2009 ACC Football Preview: Florida State

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Florida State Seminoles

Returning Starters: 13 (8 offense, 5 defense)

Key Returnees: QB Christian Ponder, RB Jermaine Thomas, WR Taiwan
Easterling, C Ryan McMahon, RG David Spurlock, LG Rodney Hudson, RT Zebrie
Sanders, LT Andrew Datko, DT Justin Mincey, DT Kendrick Stewart, DT Budd
Thacker, DE Markus White, LB Dekoda Watson, CB Patrick Robinson, ROV Korey
Mangum, FS Jamie Robinson

Key Losses: RB Antone Smith, WR Greg Carr, WR Preston Parker, WR Corey
Surrency, DE Everette Brown, DE Neefy Moffett, DT Paul Griffin, LB Derek
Nicholson, LB Toddrick Verdell, CB Tony Carter, ROV Myron Rolle, FS Darius
McClure, CB Michael Ray Garvin

Overall View

Florida State returns eight starters on offense and should be much improved
on that side of the ball. There are some gaps to fill on the defensive side, but
Mickey Andrews puts a stout defense on the field every year. FSU will be in
contention for the Atlantic Division Championship.

The ‘Noles have a menacing schedule though. They have road games at BYU,
Boston College, UNC, Clemson, Wake Forest and Florida. Even their home games are
tough: Miami, USF, Georgia Tech, NC State and Maryland. Their only definite win
is on September 12 against Jacksonville State.

FSU has the talent to win the Atlantic Division, but do they have the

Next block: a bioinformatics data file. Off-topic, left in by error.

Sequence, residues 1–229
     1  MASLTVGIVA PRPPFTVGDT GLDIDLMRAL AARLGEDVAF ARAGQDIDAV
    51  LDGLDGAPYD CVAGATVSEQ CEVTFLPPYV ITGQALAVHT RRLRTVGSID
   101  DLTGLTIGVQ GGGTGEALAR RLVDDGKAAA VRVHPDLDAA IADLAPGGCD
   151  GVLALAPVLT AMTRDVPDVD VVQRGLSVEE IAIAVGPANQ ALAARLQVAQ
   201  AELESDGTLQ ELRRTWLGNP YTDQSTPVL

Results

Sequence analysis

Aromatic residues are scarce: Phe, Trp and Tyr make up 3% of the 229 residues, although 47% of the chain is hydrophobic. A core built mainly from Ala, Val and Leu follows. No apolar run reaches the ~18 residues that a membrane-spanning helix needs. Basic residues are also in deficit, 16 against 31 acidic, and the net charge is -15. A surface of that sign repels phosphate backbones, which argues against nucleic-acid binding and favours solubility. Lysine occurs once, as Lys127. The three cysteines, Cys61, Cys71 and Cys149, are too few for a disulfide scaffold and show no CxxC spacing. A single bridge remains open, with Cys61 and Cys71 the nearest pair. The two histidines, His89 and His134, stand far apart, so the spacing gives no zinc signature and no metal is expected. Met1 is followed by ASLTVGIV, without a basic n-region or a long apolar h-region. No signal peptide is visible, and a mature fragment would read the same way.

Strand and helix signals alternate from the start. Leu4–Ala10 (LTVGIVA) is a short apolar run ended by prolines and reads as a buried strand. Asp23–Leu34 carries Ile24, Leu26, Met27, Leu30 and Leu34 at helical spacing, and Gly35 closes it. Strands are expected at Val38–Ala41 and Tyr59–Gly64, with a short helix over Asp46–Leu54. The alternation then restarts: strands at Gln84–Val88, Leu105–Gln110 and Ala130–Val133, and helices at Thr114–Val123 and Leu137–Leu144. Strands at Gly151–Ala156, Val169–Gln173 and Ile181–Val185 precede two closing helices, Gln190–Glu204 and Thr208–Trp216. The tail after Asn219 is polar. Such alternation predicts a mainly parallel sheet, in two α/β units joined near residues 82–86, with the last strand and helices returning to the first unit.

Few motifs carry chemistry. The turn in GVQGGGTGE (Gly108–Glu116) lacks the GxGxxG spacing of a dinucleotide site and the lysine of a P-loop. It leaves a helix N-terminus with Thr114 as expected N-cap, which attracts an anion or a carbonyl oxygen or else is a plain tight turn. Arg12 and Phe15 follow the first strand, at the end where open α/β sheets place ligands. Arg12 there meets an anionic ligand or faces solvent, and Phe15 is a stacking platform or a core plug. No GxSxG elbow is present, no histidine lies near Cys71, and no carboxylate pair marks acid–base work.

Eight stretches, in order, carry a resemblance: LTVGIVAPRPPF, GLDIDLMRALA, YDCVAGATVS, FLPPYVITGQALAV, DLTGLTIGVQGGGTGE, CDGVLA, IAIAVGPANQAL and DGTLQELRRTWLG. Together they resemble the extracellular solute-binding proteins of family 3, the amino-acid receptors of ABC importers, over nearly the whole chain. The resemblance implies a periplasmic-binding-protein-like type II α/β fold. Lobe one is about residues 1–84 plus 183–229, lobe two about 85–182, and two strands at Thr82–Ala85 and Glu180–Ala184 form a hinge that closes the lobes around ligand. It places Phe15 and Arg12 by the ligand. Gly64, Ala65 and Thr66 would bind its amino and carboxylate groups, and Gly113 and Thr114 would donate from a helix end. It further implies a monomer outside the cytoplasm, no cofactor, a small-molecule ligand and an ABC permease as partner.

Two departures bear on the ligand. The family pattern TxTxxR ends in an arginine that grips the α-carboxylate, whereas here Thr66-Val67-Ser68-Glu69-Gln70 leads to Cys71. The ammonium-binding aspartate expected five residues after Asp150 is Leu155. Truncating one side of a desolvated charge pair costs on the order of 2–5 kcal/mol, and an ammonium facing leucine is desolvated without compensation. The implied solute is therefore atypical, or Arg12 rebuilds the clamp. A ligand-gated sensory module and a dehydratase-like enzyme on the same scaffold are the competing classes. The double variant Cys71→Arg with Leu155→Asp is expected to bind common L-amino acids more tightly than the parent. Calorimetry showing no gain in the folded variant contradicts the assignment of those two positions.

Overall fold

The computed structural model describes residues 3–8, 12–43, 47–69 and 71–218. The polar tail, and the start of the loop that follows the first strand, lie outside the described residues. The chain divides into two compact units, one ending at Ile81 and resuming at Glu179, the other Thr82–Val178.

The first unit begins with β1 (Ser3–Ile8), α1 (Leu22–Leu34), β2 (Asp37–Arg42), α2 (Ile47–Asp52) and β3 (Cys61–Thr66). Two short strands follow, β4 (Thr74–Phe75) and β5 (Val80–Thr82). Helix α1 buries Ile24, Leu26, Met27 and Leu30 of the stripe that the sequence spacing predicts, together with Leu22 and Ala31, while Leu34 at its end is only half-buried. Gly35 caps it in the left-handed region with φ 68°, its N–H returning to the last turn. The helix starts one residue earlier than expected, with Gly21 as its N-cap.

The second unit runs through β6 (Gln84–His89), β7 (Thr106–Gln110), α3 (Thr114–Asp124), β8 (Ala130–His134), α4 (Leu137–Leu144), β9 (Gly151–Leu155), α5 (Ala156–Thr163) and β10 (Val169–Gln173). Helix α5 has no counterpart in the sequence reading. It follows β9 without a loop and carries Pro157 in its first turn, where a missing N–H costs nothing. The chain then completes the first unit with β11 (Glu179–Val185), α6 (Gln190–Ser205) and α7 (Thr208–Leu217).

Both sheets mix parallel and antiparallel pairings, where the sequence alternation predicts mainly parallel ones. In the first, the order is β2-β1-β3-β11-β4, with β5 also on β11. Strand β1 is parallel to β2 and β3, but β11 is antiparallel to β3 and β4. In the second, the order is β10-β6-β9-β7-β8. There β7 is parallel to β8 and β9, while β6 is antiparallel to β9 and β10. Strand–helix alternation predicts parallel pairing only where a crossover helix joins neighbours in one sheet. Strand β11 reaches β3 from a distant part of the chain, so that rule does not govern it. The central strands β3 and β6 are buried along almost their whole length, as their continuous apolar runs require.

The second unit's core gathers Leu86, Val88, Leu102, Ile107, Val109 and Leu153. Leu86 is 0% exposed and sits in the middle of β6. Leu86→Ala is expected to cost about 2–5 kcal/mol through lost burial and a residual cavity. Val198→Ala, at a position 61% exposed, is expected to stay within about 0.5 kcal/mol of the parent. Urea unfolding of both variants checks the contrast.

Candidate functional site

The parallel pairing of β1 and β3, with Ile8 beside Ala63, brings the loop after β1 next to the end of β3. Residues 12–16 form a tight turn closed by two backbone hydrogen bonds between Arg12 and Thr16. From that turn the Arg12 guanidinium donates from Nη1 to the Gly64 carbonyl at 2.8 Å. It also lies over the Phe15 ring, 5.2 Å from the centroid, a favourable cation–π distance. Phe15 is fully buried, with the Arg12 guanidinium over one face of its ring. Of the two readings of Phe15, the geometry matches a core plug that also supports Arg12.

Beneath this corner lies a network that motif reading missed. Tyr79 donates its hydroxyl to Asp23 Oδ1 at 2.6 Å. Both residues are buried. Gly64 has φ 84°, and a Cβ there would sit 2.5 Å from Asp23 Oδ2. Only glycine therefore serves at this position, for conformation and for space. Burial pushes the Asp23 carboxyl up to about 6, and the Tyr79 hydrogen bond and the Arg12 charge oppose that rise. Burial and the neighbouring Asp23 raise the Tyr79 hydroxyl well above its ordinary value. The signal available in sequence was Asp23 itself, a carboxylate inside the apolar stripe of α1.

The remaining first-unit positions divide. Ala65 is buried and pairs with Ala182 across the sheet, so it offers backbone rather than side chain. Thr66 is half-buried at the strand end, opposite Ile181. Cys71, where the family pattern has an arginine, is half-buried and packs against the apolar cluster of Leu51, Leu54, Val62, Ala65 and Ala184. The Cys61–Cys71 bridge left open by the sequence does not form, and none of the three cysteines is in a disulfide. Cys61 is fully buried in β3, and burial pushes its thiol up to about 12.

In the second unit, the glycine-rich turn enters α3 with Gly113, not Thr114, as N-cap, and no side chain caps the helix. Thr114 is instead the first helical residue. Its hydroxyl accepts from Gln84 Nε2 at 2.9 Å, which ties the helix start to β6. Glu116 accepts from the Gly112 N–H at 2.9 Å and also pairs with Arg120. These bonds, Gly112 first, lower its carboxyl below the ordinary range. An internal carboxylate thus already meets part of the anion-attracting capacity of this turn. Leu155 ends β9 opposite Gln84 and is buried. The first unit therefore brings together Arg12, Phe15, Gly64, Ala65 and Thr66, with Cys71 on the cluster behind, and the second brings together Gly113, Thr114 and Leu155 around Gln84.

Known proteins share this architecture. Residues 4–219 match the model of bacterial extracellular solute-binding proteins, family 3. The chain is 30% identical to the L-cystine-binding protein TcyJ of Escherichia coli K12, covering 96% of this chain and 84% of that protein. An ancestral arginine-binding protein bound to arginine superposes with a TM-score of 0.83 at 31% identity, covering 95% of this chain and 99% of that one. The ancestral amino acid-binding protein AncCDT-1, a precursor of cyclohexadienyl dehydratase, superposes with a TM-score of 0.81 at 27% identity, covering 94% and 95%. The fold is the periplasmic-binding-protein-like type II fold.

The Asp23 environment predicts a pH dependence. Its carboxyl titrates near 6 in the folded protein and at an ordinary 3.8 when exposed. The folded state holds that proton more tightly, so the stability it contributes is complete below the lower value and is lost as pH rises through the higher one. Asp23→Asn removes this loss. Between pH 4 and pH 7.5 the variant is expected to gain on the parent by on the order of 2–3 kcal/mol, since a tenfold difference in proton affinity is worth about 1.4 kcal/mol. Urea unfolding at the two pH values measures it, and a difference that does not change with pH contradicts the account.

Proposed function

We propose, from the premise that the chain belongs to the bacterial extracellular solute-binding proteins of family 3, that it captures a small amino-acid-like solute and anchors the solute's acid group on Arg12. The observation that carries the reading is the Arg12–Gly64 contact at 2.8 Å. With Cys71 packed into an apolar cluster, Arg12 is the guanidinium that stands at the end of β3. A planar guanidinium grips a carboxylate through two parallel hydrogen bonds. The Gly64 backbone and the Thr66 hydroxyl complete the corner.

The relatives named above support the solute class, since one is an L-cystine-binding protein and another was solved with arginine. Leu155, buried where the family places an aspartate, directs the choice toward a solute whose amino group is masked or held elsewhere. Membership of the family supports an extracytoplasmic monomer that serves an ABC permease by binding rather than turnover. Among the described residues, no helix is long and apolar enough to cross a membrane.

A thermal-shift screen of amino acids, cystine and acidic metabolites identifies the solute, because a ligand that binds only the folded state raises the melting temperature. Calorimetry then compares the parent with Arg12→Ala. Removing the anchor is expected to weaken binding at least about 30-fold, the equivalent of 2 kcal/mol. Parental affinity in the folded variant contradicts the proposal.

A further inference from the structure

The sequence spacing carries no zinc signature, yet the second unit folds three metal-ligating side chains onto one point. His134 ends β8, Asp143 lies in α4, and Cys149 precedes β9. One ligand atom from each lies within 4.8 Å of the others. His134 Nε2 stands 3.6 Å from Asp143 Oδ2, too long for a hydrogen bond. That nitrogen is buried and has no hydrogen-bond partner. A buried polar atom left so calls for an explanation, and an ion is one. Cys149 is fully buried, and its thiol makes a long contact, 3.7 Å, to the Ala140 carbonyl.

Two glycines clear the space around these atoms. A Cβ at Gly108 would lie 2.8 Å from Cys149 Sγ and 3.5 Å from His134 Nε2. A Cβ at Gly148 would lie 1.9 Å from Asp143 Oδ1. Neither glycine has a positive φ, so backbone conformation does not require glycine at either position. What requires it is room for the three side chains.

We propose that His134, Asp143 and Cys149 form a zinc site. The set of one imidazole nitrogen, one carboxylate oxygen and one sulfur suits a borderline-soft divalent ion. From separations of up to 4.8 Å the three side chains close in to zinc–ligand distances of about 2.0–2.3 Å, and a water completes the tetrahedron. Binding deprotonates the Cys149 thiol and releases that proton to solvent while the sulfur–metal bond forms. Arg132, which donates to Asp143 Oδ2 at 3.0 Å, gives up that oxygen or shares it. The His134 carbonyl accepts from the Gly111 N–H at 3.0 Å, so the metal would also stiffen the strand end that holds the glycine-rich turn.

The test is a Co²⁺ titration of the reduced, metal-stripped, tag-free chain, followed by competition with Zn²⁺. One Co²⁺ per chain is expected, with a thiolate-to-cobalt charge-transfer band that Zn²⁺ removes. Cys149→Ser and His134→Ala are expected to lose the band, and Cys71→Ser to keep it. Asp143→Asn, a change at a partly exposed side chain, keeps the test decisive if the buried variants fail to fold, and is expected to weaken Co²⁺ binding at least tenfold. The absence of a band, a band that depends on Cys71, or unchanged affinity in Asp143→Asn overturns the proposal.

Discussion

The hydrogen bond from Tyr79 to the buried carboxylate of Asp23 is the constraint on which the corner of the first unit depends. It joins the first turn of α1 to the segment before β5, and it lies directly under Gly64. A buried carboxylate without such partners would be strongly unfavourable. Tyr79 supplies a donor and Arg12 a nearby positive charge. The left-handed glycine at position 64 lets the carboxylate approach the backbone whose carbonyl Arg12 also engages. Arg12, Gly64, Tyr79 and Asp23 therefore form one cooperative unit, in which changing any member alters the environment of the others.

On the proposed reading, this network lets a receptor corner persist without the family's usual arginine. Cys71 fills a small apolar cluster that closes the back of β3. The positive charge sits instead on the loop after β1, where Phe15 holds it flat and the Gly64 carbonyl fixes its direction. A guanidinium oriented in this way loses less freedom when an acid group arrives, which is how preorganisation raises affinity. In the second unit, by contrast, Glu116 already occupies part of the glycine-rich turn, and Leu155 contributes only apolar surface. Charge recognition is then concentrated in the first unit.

Offensive Strength

Florida State’s offensive line will be the strength of their team in
2009. Last season, the ‘Noles started three true freshmen and two sophomores,
and still averaged 4.8 yards per carry. This group is light and quick, and they
can achieve the blocking angles that offensive line coach Rick Trickett

Offensive guard Rodney Hudson is a First Team All-ACC player, and center Ryan
McMahon could be the best center in the conference. Depth is still questionable,
so this line must stay healthy. If they do that, they have the potential to be
the best offensive line in the ACC.

Offensive Weakness

With the loss of Greg Carr, Preston Parker and Corey Surrency, wide
is Florida State’s offensive weakness in 2009. Carr and Parker led
the team in receptions last year, and though there are some good players coming
up, they don’t have the experience of the guys they are replacing.

FSU also won’t be able to replace the height of Greg Carr (6-6). He was a
major mismatch, and basically the only consistent threat in Florida State’s
offense over the last few years. Cameron Wade is 6-6, but does he have the speed
and body control of Carr?

Sophomore Taiwan Easterling is the leader of this group, and Bert Reed should
be dependable as well. Rod Owens and Richard Goodman are seniors with limited
talent who have never produced much. The ‘Noles will need Jarmon Fortson and
Avis Commack to step up.

Defensive Strength

Florida State always has a talented and athletic defensive line, and
this year will be no different. Though they have lost the services of defensive
ends Everette Brown and Neefy Moffett, if Markus White has the season he’s
expected to have, the ‘Noles will be just fine off the edge.

FSU also returns three experienced players at defensive tackle: Budd Thacker,
Kendrick Stewart and Justin Mincey.

Florida State always has players who can pressure the quarterback, and this
year it will fall on White, a senior defensive end and former JUCO transfer.
White has talent, but he had just 5.5 tackles for loss last year. He had a great
spring, and if he can translate that to actual games, he could be the next great
FSU defensive end.

Defensive Weakness

The Seminoles don’t have the type of talent in their defensive backfield